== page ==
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Florida's Tourism Numbers Were Hot, Hot, Hot This Summer

MIAMI (CBS4) - Florida has had to keep a wary eye on some hurricanes and tropical storms this summer, but the word from tourists has been "Bring on the tropical drinks!"

Tourism is on track to set a summer record, with July figures showing sharp increases over last year.

In Miami-Dade, hotel bookings in July were up eleven percent over the same period a year ago. In Broward the rise was nearly eight percent. In the Florida Keys, visitors jumped by more than seven percent.

"This is one of the top destinations in the entire world today and these numbers support that," said William Talbert, President of the Greater Miami Convention and Visitors Bureau. "We are a year-round vacation destination."

Talbert credits an aggressive international marketing campaign, attractive promotions and more flights to South Florida from more countries which brought more foreign visitors. He said the tourist industry has conducted a ten year campaign to sell the greater Miami area as a 12 month a year vacation spot, not just a place for snowbirds to come in the winter.

The New York Times ran a two page spread last week, gushing over Miami's summer tourism successes.

And, unlike recent years, the hospitality industry has attracted business this summer without offering a fire sale of cheap prices. Average room rates and room revenues are up dramatically from Key West to West Palm.

James Keane, his wife, and three children climbed out of a taxi on South Beach on Wednesday, visiting from London despite a down economy.

"Cost be damned," Keane told CBS4's Gary Nelson. "I wanted to take the family on holiday and have some fun amongst the gloom."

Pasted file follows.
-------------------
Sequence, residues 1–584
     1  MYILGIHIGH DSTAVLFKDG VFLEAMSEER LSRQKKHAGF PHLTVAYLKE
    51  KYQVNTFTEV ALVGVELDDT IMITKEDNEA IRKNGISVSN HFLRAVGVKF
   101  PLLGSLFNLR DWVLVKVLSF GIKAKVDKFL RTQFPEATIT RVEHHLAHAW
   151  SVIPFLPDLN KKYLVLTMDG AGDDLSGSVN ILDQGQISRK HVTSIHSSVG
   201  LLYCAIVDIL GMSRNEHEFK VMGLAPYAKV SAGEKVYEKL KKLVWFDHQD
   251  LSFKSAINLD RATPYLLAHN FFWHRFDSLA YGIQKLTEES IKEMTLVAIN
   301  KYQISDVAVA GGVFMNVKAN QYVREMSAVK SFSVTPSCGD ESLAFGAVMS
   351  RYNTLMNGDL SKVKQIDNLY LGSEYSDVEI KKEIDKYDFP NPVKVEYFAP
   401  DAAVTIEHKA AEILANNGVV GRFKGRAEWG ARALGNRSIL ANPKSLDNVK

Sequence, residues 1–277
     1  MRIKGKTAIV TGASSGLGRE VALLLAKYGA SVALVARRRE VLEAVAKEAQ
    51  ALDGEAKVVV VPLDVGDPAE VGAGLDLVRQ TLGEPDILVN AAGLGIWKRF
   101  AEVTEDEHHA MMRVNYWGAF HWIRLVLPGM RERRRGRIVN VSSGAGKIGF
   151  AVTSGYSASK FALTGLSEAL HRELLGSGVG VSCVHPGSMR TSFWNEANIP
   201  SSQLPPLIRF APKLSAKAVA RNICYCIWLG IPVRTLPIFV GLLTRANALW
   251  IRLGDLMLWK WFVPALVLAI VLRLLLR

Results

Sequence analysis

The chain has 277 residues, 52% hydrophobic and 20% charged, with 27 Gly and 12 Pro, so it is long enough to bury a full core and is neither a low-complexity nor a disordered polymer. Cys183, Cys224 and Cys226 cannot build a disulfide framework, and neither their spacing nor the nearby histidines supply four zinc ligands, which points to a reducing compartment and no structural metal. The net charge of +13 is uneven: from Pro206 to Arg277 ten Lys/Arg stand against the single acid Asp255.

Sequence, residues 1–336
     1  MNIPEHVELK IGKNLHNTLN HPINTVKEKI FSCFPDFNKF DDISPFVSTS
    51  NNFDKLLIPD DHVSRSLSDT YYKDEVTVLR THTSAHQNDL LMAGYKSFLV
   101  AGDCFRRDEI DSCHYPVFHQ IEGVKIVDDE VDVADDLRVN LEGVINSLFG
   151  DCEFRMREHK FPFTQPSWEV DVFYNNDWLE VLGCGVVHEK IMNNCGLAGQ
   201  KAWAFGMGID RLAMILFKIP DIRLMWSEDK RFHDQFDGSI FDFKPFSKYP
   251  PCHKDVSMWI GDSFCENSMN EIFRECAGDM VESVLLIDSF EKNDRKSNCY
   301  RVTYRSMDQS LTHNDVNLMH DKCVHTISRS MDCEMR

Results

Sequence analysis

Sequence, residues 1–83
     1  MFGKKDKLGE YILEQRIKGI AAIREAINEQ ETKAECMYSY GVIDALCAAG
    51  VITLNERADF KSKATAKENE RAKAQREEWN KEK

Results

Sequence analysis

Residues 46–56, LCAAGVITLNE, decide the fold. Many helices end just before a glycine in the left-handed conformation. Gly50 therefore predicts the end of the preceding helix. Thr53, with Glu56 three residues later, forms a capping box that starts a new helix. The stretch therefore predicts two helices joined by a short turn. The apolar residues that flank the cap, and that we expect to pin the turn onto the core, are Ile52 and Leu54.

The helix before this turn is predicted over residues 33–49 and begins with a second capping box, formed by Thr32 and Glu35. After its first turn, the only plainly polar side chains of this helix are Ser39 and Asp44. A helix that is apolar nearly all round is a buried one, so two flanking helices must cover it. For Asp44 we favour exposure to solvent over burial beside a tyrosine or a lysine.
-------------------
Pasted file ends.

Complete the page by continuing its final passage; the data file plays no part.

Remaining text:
That was the attitude of Jonathon Rothman, who was visiting from New Jersey.

"You only get one life and you have to live it up," Rothman said. "So, you have some money, why not spend it?"

A relatively weak dollar has helped make South Florida a less expensive destination for foreign visitors.

"That's why we chose Miami," said Martin Meyer, who was visiting from Germany. "Purchasing items here is a lot cheaper than in Germany right now."

The increased tourism numbers have made for desperately needed new jobs. In Miami alone, tourism officials said more than a thousand new jobs have been added to the industry in the last six months.

At the Pershing Café, hostess Shanee Wiley greeted customers. She is among those who have benefited from the summer boom.

"This is my way of surviving. This is where I work, every day, nine to five," Wiley said, adding that the job is providing her a good living.

Down the block at the News Cafe, manager Robert Dessommes said the restaurant typically lays off a few people during the slower summer months, but not this year.

"It's a lot busier than other years. It's becoming more and more like a year-round thing, Miami," said Dessommes.


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